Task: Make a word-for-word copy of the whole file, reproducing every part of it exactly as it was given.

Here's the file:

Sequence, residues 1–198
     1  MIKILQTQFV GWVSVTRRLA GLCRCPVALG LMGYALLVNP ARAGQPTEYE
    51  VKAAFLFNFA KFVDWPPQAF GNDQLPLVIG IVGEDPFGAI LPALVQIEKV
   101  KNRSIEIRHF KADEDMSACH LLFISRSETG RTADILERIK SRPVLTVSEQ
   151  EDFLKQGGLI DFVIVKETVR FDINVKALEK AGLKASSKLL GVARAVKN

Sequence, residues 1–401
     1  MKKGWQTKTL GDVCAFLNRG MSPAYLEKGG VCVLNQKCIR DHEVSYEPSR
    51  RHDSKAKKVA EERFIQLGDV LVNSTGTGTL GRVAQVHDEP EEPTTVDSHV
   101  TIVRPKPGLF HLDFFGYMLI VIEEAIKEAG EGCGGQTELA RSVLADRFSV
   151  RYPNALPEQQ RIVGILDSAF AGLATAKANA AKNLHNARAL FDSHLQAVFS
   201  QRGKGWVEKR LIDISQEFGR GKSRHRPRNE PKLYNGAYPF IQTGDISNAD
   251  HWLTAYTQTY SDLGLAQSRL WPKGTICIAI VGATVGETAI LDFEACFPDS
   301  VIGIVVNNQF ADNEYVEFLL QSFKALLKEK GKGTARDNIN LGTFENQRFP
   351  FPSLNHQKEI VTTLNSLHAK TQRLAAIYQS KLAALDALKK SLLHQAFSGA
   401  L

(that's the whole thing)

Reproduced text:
Sequence, residues 1–198
     1  MIKILQTQFV GWVSVTRRLA GLCRCPVALG LMGYALLVNP ARAGQPTEYE
    51  VKAAFLFNFA KFVDWPPQAF GNDQLPLVIG IVGEDPFGAI LPALVQIEKV
   101  KNRSIEIRHF KADEDMSACH LLFISRSETG RTADILERIK SRPVLTVSEQ
   151  EDFLKQGGLI DFVIVKETVR FDINVKALEK AGLKASSKLL GVARAVKN

Sequence, residues 1–401
     1  MKKGWQTKTL GDVCAFLNRG MSPAYLEKGG VCVLNQKCIR DHEVSYEPSR
    51  RHDSKAKKVA EERFIQLGDV LVNSTGTGTL GRVAQVHDEP EEPTTVDSHV
   101  TIVRPKPGLF HLDFFGYMLI VIEEAIKEAG EGCGGQTELA RSVLADRFSV
   151  RYPNALPEQQ RIVGILDSAF AGLATAKANA AKNLHNARAL FDSHLQAVFS
   201  QRGKGWVEKR LIDISQEFGR GKSRHRPRNE PKLYNGAYPF IQTGDISNAD
   251  HWLTAYTQTY SDLGLAQSRL WPKGTICIAI VGATVGETAI LDFEACFPDS
   301  VIGIVVNNQF ADNEYVEFLL QSFKALLKEK GKGTARDNIN LGTFENQRFP
   351  FPSLNHQKEI VTTLNSLHAK TQRLAAIYQS KLAALDALKK SLLHQAFSGA
   401  L